CONNORS: Well, this particular one is very subject to the effects of chaos. The old views in the time of Lagrange and back in the time of the French Revolution was that if you could get all the rules down, then you could predict the universe forever. But we now know that, in fact, there are so many bodies out there - and some of them are in sort of precarious situations - that are subject to small influences from others that can actually change their behavior quite a bit.
This turns out to be one of those. So just small shoves from Jupiter and other planets can actually make it very difficult to predict the future of this asteroid with any precision, so it is actually a chaotic orbit.
PALCA: We're talking with Martin Connors. He's a professor in the department of physics and astronomy and the Canada research chair at Athabasca University. That's in Alberta, Canada. This is SCIENCE FRIDAY, from NPR. I'm Joe Palca. Let's take another call now, and let's go to Jerry, if I can push this button. Yes, Jerry in Rochester, New York. Welcome to SCIENCE FRIDAY. You're on the air.
JERRY: First time caller, big fan. I actually have my iPod set to go off, so I can to listen to the show. I'm very excited because back in the 1970s, there was the physics was applied to the idea of Lagrange points here on Earth, between the Earth's moon system, and they had actually talked about building 10,000 - at the time, they were all aglow with the Apollo program and all that, and they were thinking about building a colony that would exist in L5. Do you recall hearing anything of that? And I'll take my answer off the air.
PALCA: OK. Thanks, Jerry.
CONNORS: Yes. I believe that O'Neill was a big proponent of these space colonies. And, obviously, for those of us, for example, going further back who were big fans of "2001" and expected amazing things to happen in space, they haven't quite happened that way. So I believe that you're referring to O'Neill's work, and a very interesting work, but performing major engineering feats of the magnitude that he was talking about in space has eluded us. Obviously, we're proud of the accomplishments of the space station, but it's not quite on the scale that the futurists of the era that you're talking about were thinking of.
PALCA: Thanks for that question. Let's go now to Corey in - or is it Kerry(ph) in Menlo Park, California. Are you there?
TERRY: Hi. Yes. This is Terry in Menlo Park.
PALCA: Terry. Sorry. Go ahead.
TERRY: My question is: Do they know, or have they considered how these things end up there?
PALCA: In other words - I was interested - that's an interesting question, because I was wondering: How do these get captured and brought into these stable points in the orbit?
CONNORS: Yes. That is, of course, an extremely good question, and it has a rather unfortunate answer, which is that we don't know in great detail. So the answers range all the way from they were there at the beginning of the solar system - and that would be very interesting - to, well, things kind of move around, and if there's a place for junk to pile up, it'll be one of these Lagrange points. And that may be what's happening.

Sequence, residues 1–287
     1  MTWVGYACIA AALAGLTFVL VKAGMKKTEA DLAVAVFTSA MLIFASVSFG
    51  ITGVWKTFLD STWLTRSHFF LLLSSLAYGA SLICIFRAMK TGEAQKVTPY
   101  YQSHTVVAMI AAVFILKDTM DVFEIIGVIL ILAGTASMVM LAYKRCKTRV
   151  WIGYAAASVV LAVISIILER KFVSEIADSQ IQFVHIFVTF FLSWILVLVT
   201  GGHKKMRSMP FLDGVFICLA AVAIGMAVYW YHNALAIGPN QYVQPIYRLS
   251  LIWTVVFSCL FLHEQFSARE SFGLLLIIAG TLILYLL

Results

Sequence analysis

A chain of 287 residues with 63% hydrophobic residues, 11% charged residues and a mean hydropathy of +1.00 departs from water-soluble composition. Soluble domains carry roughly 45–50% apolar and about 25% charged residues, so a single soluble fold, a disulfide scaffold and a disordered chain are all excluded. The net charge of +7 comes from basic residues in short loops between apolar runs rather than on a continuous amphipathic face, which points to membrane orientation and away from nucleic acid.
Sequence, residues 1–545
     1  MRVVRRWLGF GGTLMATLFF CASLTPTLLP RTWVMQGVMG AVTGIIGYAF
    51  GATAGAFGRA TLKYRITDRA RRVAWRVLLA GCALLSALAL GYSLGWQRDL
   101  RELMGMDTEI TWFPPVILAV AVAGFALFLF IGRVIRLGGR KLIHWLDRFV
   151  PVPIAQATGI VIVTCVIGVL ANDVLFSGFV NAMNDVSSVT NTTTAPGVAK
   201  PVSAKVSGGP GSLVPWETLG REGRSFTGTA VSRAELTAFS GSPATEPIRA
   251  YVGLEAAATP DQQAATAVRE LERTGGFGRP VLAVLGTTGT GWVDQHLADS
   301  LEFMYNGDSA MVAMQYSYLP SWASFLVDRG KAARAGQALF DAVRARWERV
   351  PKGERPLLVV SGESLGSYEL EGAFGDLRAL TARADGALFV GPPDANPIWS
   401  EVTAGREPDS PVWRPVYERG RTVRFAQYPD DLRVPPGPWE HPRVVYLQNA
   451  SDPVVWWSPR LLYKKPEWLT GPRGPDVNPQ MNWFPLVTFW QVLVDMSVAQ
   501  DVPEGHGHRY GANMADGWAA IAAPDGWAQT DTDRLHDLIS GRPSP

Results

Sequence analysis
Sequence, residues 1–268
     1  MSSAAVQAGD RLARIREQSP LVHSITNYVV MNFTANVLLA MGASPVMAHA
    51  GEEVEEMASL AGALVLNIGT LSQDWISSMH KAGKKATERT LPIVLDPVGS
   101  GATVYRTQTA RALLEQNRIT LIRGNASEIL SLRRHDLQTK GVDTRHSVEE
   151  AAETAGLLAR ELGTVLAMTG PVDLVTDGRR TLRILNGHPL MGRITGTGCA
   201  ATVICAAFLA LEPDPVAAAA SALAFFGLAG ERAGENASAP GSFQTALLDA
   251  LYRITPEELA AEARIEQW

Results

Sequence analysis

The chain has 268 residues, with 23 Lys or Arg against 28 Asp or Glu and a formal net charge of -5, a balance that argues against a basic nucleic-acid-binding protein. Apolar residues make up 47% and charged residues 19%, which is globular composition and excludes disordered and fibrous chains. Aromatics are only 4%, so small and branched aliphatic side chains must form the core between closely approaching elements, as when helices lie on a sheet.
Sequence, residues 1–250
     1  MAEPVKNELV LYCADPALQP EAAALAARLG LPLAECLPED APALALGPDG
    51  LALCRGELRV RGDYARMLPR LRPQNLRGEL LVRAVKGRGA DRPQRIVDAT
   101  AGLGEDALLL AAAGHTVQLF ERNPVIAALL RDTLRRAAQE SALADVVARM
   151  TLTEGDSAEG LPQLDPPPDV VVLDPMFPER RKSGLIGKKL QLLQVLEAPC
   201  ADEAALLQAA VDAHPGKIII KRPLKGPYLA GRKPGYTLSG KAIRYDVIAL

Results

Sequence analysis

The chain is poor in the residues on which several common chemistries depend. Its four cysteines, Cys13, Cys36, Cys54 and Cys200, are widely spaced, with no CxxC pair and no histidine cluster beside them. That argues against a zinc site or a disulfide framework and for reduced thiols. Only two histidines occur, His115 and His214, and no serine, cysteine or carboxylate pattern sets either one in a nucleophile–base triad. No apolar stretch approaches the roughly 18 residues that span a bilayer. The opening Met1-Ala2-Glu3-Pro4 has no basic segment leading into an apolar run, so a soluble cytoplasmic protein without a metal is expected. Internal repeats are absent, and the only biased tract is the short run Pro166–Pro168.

So that may be a little bit of an unsatisfactory answer. But with this particular object, we really have difficulty predicting the motion or back - going backwards with the motion for very long because of the chaotic nature. So this is an open research question. And it might be partly answered if we could go and get materials, et cetera. And then we would be able to say if it was made of sort of similar material to the Earth that might argue for it having been there a very long time.
PALCA: Is there - are you going to look for any more? Or do you think this is it, for now? I mean, around Earth that is.
CONNORS: Well, I am a big proponent of the idea that there are more of these, and that we have simply not been able to observe them very much because of the difficulty of observing them. So I hope that actually having an object will stimulate searches. I certainly will be trying to get telescope time to do so. Big telescopes are difficult to get time on, and you have to argue strongly, and hopefully this will strengthen the argument, and then we can find more.
PALCA: Any thoughts about looking at other planets, or are you going to stick with Earth?
CONNORS: Well, it does turn out - and sorry for not mentioning this earlier. Jupiter, of course, has a huge collection of them. What actually stimulated my interest in Earth was the discovery about 20 years ago that Mars has Trojans. So there are a handful of those known. And then much more recently, it was found that Neptune has Trojans, as well. So I have written papers about Mars Trojans and Jupiter Trojans, in fact. So I am interested in the whole general topic.
CONNORS: But I think, for now, the hot thing is Earth Trojans.
PALCA: You got it. All right. Well, Dr. Connors. Thanks very much.
CONNORS: Thank you.
PALCA: Martin Connors is a professor in the Department of Physics and Astronomy at the Athabasca University in Alberta, Canada. When we come back, we'll be moving out to one of those outer planets, Juno - Jupiter, about - and we're going to talk about the new Juno mission that's heading there next week. We'll be right back after this short break.
NPR transcripts are created on a rush deadline by Verb8tm, Inc., an NPR contractor, and produced using a proprietary transcription process developed with NPR. This text may not be in its final form and may be updated or revised in the future. Accuracy and availability may vary. The authoritative record of NPR’s programming is the audio record.